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After almost two weeks on pause, Johnson and Johnson’s one-shot COVID-19 vaccine was recommended as safe to resume by a panel of experts at the Centers for Disease Control. The group concluded that the benefits of the vaccine outweigh the risks. Federal health officials should allow for vaccination sites across the country to resume use shortly. The shot is the third vaccine that protects against COVID-19 to gain emergency use authorization from the FDA.

Last week, the FDA and the CDC released a joint statement, effectively placing the J&J vaccine on pause after six women developed severe blood clots shortly after getting vaccinated. While the blood clots were incredibly rare, health officials said the pause was done “out of an abundance of caution.”

The panel of experts, known as the Advisory Committee on Immunization Practices, met for a daylong session where they discussed the recent clots and their potential connection to the vaccine. The committee also presented data with nine new cases of blood clots linked to Johnson and Johnson’s vaccine. In total, there have been 15 reported cases of this rare condition, all of whom have been women.

The type of blood clots these 15 women experienced is what’s known as cerebral venous sinus thrombosis, or CVST. It occurs when a blood clot forms in the venous sinuses in the brain, and if untreated, it can hemorrhage. In addition to CVST, the women also experienced significantly low platelets, which prevents blood from clotting. All of these symptoms occurred within two weeks of receiving the shot. Similar blood clots have also been reported in Europe in conjunction with the AstraZeneca COVID-19 vaccine.

While the condition is rare, the treatment for it is unlike that of traditional therapies to combat blood clots, which often include putting the person on a blood thinner such as heparin. And part of the pause on the J&J vaccine was to give public health researchers and physicians time to understand the condition better—including how to spot it and how to treat it. Giving a patient with low platelet counts a blood thinner is risky and can be fatal, so special treatment guidance is required so that emergency room physicians don’t give heparin to someone with this rare condition.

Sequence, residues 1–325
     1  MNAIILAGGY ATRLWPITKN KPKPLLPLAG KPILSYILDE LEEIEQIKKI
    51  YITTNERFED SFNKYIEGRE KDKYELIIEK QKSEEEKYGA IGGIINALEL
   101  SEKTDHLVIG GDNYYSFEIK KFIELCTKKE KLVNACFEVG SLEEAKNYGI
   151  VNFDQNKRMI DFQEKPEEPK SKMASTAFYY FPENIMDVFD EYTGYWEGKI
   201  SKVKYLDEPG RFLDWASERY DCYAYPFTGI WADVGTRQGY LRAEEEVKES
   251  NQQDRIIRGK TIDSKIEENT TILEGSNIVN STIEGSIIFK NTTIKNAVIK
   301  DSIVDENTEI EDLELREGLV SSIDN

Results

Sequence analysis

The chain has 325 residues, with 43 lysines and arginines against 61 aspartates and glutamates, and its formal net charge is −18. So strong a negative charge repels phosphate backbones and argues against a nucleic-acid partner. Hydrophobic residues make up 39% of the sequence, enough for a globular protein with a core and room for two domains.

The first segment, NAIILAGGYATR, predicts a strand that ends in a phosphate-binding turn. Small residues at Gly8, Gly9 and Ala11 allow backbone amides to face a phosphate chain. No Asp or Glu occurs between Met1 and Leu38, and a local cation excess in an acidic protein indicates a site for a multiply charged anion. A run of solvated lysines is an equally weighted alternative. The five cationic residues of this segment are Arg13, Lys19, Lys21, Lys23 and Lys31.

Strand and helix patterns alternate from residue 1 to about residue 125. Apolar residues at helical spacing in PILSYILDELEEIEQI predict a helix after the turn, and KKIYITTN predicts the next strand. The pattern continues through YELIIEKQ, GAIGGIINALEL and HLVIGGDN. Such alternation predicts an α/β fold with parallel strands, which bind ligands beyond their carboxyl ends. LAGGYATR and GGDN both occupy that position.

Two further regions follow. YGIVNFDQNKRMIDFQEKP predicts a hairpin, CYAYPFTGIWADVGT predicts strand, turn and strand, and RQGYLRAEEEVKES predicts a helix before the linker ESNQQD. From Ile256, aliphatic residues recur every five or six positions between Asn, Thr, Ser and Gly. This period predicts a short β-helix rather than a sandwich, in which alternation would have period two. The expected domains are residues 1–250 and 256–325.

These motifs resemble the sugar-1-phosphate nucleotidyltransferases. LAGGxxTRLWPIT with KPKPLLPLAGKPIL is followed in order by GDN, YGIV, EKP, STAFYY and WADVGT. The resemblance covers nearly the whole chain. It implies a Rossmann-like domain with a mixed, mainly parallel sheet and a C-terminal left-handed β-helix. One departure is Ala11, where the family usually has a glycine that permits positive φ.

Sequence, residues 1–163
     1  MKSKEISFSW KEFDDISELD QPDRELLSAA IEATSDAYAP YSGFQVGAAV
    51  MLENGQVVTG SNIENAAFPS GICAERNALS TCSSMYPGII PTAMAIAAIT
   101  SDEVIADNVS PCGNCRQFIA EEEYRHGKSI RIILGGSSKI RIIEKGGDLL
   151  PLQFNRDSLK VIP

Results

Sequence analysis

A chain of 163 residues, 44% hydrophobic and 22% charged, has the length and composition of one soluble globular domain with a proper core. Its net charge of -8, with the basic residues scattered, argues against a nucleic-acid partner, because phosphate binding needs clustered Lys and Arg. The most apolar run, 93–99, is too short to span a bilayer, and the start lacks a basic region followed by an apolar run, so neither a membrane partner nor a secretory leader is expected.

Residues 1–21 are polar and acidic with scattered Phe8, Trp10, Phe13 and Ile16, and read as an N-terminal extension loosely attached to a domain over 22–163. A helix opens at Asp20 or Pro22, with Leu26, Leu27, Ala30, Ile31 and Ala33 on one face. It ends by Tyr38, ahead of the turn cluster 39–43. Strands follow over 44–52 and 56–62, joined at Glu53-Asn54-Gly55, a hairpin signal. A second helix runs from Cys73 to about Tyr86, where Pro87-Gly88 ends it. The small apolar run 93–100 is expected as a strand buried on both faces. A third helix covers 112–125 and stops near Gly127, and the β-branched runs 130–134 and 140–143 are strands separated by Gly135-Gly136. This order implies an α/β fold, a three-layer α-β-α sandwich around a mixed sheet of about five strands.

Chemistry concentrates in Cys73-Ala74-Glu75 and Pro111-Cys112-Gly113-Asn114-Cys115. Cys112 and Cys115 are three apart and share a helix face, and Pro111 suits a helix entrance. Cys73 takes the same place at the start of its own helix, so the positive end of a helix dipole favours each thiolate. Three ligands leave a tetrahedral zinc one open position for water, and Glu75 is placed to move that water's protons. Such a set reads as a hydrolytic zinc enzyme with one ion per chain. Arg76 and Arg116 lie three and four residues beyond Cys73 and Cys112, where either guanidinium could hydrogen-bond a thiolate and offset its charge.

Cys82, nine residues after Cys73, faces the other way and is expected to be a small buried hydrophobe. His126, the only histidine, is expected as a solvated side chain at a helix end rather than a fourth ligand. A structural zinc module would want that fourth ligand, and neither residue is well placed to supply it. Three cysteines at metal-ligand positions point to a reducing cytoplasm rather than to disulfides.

[Read more: The pause on Johnson & Johnson’s COVID vaccine doesn’t mean it’s not safe]

Following investigations over these past two weeks, the CDC panel concluded that the benefits outweigh the risk of developing this clotting disorder. The chances of developing CVST after receiving the J&J shot is exceedingly low. However, when it does occur it incredibly dangerous. In the day-long meeting, Tom Shimabukuro, the deputy director of the CDC’s Immunization Safety Office, called the condition “rare but clinically serious,” according to The New York Times. Shimabukuro also said in the meeting that there had been no reports of the condition in the cohort of people who received the Pfizer COVID-19 vaccine. In those who received Moderna’s COVID-19 vaccine, there were three reports of people developing CVST, though they did not have the signature low platelet levels that make the condition even more dangerous.

After taking all of this into consideration, the CDC panel concluded that the benefits of restarting the J&J vaccine outweigh the risks of withholding it. Furthermore, experts in the meeting said that if the J&J were to not resume, it would delay the goal of getting all Americans their shots by 14 days.

“We could expect that if 1 million people in the United States were vaccinated with the J&J single-dose vaccine, there would be over 2,000 fewer deaths and 6,000 fewer COVID-related hospitalizations,” Joanne Waldstreicher, J&J’s chief medical officer told CNBC. In contrast, it would cause just 26 to 45 clot cases.

The committee concluded that the J&J COVID-19 should continue with a warning label that explains the blood clot risk.

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